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I apologize for taking a while to respond to some of your posts on here, this is the first time I've been on the Atariage forum for almost a month.
Ledzep - I appreciate your suggestions. Here is my response regarding them:
1) Night Raider currently uses a rather simplistic and speedy method of collision detection between the ships and the torpedoes. It is in no way pixel perfect. The way I currently have the ships dropping bow down or stern down into the water creates a problem in detecting hits. The collision detection code would need to be rewritten using a different method. The existing collision detection methods that i have used will not work properly for subsequent hits on the ships as they are going under the water.
The other reason I have the current system with no more hits after a ship recieves its death blow is so that it's possible to hit overlapping ships with a volley of two to four shots. Your suggested method would make a shield out of ships on the lower rows protecting ships on the upper rows from getting hit when firing three or four torpedoes rapidly one after another.
2). In regards to having the torpedo slow down the closer it gets to the horizon, that is certainly a possibility. The speed of the faster ships on the top row, such as the PT boat, will need to be slowed down in that case or you'll never be able to hit them.
Unfortunately, there probably will never be an Android version of Night Raider. The reason for this is due to mediocre interest in the existing iPad version of the game coupled with the fact that I do not own any Android devices nor am I in the Android developer program.
On the other hand, there will be an iPhone version of Night Raider available on the App Store very shortly. At the time I developed Night Raider, I did not own an iPhone or iPod touch so that is why the game was initially intended only to be an iPad game.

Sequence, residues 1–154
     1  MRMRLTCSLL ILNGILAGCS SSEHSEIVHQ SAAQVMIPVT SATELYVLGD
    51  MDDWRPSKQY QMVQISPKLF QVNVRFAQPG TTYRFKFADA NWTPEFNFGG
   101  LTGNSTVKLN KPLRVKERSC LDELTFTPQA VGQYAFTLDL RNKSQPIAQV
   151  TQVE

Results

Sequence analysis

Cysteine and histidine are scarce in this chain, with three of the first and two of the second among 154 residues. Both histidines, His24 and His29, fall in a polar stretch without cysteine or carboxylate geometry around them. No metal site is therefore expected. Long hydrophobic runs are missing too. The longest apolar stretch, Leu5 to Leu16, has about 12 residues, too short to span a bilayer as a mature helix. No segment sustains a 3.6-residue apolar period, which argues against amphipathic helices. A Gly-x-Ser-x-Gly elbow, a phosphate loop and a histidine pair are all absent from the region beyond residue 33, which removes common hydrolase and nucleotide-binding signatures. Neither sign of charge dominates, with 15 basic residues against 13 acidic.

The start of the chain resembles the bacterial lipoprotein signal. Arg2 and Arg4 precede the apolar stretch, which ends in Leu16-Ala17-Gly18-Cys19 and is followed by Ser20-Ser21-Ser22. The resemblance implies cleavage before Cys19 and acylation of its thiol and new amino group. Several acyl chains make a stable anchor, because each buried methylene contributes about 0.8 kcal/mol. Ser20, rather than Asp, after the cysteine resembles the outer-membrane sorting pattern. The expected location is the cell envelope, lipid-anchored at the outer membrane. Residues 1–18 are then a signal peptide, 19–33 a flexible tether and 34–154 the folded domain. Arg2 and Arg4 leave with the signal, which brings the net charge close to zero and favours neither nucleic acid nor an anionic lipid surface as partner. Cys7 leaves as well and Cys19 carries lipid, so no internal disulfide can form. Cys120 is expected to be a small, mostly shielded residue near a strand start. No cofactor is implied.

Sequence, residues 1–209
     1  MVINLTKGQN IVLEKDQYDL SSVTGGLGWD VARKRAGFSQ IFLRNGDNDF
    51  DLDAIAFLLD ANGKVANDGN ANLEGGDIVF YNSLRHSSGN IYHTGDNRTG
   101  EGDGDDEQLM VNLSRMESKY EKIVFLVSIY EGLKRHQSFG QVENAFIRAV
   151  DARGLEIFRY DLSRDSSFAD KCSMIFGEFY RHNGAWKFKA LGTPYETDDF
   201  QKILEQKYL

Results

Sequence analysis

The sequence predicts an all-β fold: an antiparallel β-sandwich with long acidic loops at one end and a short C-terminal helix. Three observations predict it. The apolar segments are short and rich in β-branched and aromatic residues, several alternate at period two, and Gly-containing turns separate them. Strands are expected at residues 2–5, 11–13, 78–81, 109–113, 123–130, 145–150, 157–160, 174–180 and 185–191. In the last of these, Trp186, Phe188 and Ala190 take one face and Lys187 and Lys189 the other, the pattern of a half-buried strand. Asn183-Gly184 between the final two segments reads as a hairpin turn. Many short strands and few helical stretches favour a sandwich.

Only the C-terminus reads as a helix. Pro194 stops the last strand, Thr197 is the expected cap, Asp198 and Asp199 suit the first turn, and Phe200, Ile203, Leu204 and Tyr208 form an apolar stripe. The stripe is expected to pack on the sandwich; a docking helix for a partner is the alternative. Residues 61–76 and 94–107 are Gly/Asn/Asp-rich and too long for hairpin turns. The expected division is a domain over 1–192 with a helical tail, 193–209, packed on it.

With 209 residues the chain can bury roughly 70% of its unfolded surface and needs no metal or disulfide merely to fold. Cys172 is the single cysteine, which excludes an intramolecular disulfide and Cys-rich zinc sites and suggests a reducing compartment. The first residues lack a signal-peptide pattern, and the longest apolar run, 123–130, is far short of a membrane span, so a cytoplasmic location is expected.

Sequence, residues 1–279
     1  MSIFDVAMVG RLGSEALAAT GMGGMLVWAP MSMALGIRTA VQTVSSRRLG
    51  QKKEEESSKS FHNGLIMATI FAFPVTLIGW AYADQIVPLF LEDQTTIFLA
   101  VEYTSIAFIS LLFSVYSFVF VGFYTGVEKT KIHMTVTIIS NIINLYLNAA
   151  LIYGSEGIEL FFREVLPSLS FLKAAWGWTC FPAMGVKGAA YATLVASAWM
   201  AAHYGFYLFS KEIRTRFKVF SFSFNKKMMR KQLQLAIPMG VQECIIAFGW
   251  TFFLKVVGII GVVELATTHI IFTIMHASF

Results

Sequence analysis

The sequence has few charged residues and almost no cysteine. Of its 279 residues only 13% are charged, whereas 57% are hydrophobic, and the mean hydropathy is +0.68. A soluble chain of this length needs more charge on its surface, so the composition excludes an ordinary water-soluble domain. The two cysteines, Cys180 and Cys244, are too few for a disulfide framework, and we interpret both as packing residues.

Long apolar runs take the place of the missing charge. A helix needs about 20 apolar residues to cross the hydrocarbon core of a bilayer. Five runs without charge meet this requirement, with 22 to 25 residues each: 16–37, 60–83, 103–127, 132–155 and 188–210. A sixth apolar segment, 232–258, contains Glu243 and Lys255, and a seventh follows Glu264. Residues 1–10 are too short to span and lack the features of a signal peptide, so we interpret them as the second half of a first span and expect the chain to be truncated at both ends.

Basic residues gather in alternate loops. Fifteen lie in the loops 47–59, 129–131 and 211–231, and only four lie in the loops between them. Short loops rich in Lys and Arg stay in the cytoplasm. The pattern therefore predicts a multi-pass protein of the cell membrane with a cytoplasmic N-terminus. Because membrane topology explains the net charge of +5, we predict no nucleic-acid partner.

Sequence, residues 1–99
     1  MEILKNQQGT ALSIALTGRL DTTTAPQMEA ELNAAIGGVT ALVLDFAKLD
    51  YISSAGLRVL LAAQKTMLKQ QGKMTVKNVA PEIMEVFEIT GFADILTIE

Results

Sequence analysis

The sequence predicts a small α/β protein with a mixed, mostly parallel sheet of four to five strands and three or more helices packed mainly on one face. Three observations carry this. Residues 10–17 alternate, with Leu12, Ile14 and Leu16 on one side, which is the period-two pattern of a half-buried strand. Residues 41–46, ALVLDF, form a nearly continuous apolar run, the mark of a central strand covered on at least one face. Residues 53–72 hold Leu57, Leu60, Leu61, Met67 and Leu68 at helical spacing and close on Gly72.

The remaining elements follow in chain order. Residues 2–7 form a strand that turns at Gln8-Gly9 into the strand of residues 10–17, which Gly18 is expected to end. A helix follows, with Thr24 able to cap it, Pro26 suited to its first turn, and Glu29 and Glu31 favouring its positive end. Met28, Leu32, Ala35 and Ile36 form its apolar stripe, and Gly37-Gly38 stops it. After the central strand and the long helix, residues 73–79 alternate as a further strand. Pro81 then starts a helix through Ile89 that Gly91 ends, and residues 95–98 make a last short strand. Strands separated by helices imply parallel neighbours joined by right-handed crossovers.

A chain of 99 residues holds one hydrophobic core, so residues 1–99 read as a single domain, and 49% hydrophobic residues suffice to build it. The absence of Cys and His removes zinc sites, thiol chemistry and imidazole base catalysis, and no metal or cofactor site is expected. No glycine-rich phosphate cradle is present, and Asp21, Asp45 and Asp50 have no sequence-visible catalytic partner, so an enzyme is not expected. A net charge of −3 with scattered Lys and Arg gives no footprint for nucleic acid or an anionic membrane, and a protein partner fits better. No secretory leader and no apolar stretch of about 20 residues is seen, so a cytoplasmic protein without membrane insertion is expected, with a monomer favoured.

You said, "I hope this starts a trend." I was hoping there would be more interest in classic, old-school style games on the iOS platform. From my experience thus far and from a few other developers, it seems as though the number of iOS device owners that are really interested in these old-school style games make up a small percentage of the user base. One exception was a game called "Box Cat" which used a very pixelated style of graphics with 8-bit chip tune music.
I currently have two unfinished projects on the back burner that are are also old-school retro in nature. One is a re-imagining of the old discrete Death Race game, by Exidy. The other is a classic vector style game engine that will draw all game objects using lines in a similar manner as the old vector monitor systems utilized by Cinematronics, Atari & Sega did back in the day.
Again though, my concern is that these kind of graphics might be too bland and boring for most mobile gamers of 2012. I am 43 years old so these are the kind of games that I remember as a kid and really get my blood flowing, so to speak. I kind of wish that I had been able to be a part of the creation of some of them back in the day, but of course I was too young at the time and assembly language programming was much too daunting for me.
Take for example the recently released iPhone version of the Coastal Amusements Seawolf ticket redemption game. From the App Store rankings and grossing statistics that I have seen, the sales of that game, thus far, have been very mediocre even though it carries the official Seawolf title and logo and has more modern looking graphics and effects than either my game or the original.
Ironically, there was an Asian made, almost direct clone of the ticket redemption game released on the App Store over two years ago. I believe it did better sales wise in its first month than the official coastal amusements game has done.
Posted Thu Feb 16, 2012 2:37 PM
If I had an iPad I'd buy this, a retro vector graphics game that seems to play basically like Asteroids or Space Duel.
Posted Fri Mar 2, 2012 10:24 PM
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